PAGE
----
- File Size: 927 KB
- Print Length: 256 pages
- Simultaneous Device Usage: Up to 5 simultaneous devices, per publisher limits
- Publisher: Thomas Nelson (July 8, 2007)
- Publication Date: July 8, 2007
- Sold by: HarperCollins Publishing
- Language: English
- ASIN: B003G5YJPS
- Text-to-Speech: Enabled
- Word Wise: Enabled
- Lending: Not Enabled
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#165,059 Paid in Kindle Store (See Top 100 Paid in Kindle Store)
- #26 in Kindle Store > Kindle eBooks > Religion & Spirituality > Christian Books & Bibles > Churches & Church Leadership > Ecclesiology
- #111 in Books > Christian Books & Bibles > Churches & Church Leadership > Ecclesiology
- #258 in Books > Christian Books & Bibles > Ministry & Evangelism > Missions & Missionary Work
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Becoming a True Spiritual Community: A Profound Vision of What the Church Can Be Kindle Edition
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As a psychologist, I think one of the things I most appreciated about this book was his vision for what Christian psychology, or soul care, may look like. He believes that the community of the church should be the primary place for healing to take place and I think he is exactly right.
On page 178, he wrote, "In the middle of the wild ocean of shattered dreams and broken lives, the community of Christ celebrates God's forgiveness: they believe in what each other could become, they never minimize sin but they love to maximize grace. They are carriers of Christ to each other. That's what spiritual friends do when they act together to journey to God."
I would highly recommend this book. I know that there are those who have had negative reviews of this book, but I have a hard time seeing why. If you are one of those people, I would hope that you would be able to dialog about it in spiritual community.
For forty years I have had an on-again-off-again relationship with the Christian Church that exists in North America. My primary experience has been with Protestant Evangelicalism, but my knowledge of the Christian church has extended beyond the boundaries of that circle in the most recent decade. What I have experienced in my forty years of churchianity has not been what I would describe as good and that experience of "not good" resulted in seasons where I danced intimately with the church and other seasons where there was no relationship at all. I accept the responsibility that is mine where my heart and my attitude were incompatible with the Christian church, but I can't help but think if the church were living up to the organism it is described in the Bible there may not have been the tension between us through the years... there may never have been a break in our relationship at all. I wonder...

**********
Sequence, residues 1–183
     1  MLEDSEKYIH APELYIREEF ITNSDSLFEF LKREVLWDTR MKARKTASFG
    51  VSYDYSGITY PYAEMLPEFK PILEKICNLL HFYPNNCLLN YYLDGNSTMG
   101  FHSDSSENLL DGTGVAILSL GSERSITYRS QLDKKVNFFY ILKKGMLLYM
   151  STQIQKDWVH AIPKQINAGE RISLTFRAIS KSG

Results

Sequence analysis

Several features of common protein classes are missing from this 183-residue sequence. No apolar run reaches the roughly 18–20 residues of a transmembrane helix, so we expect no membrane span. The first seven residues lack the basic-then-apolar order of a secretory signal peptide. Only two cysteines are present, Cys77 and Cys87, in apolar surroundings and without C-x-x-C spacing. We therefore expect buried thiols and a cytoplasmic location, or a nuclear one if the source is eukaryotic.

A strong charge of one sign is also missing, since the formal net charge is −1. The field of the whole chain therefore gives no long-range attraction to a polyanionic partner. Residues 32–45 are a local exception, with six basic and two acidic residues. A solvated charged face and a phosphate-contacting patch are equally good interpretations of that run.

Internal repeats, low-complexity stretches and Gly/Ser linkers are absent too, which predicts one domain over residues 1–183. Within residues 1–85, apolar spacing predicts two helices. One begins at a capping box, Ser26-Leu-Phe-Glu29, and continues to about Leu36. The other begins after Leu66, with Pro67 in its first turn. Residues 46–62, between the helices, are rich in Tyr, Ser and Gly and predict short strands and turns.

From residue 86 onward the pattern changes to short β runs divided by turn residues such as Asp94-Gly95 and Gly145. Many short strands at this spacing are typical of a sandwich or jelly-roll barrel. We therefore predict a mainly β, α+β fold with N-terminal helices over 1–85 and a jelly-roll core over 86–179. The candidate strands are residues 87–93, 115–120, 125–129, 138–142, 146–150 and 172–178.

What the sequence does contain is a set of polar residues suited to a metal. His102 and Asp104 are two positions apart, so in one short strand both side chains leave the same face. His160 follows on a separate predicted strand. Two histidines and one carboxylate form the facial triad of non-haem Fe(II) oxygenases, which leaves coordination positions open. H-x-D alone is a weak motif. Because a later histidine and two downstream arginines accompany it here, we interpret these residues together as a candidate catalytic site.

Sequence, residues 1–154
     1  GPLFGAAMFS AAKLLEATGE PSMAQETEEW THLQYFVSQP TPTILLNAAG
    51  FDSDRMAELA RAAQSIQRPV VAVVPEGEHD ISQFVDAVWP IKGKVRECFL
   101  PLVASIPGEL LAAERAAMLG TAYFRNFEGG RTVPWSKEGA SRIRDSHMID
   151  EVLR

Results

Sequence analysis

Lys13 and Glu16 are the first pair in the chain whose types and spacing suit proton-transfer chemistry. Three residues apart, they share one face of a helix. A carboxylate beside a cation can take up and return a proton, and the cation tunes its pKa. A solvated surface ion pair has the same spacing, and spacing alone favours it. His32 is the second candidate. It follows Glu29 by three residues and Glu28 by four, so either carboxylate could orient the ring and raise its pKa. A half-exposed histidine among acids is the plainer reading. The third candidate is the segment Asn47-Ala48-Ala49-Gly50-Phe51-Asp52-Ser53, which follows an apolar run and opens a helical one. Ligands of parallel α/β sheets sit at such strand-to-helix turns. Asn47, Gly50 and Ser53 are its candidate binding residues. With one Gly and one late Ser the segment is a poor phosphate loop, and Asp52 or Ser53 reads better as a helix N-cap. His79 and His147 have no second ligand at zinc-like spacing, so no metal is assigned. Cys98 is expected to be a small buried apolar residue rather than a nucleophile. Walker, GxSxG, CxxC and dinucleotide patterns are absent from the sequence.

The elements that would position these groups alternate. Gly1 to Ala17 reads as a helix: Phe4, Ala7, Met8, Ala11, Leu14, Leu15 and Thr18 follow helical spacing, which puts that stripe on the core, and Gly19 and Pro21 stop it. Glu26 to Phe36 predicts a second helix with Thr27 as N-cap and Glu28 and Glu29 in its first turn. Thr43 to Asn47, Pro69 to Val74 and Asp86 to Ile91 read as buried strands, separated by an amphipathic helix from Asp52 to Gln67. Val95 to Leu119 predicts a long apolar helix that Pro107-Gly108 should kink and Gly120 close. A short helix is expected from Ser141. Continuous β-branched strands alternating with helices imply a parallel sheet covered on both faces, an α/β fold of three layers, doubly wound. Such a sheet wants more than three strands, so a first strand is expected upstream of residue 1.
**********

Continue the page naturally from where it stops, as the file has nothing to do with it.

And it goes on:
So, what is it about this book, Becoming a True Spiritual Community: A Profound Vision of What the Church Can Be, that I find so wonderfully endearing? Before I answer that, let me point out that this is a republication of a book formerly published under the name of The Safest Place on Earth. As far as I have been able to discern, the books are the same. Now, back to the question, what is it about this book?
Becoming a True Spiritual Community ranks as one of the most honest assessments and characterizations of the American church that I have ever read. Saying this I must also clarify that there is no "church bashing" or vitriolic rhetoric that demeans the church. The words are honest and written from an attitude of love for the church, but they are candid, blunt, and revealing. As Crabb reveals some of the shallow façade supporting the contemporary church he does so with painfully honest self-examination that draws the reader into journeying inward to make similar examinations of their own spirituality... sometimes exposing our own shallowness, pride, ego, and selfish desires. This process of exposing and examination continues through part one and into part two of the book before the tide begins to turn and the hopeful beauty of the church and spiritual community that God desires for us is revealed. There are allusions to this hope in the first half of the book, but the crescendo builds to a gloriously hopeful ending beginning at the halfway mark around chapter nine.
The book is full of personal anecdotes and many metaphors gleaned from classic and contemporary literature from the disciplines of spiritual formation. There is also a very thorough discussion guide at the end of the book that would prove itself invaluable for a group study.
I cannot say enough good things about this book. I'm sure timing has much to do with my excitement, but I also know that my desire for spiritual community as described by Dr. Crabb has been my passion for at least twenty-five years. I am reinvigorated and encouraged by what was written in this book and will recommend it as one of the top reads concerning the study of ecclesiology (the Church). I look forward to sharing the thoughts contained in this book with others and being a part of the communities that will be formed out of those discussions.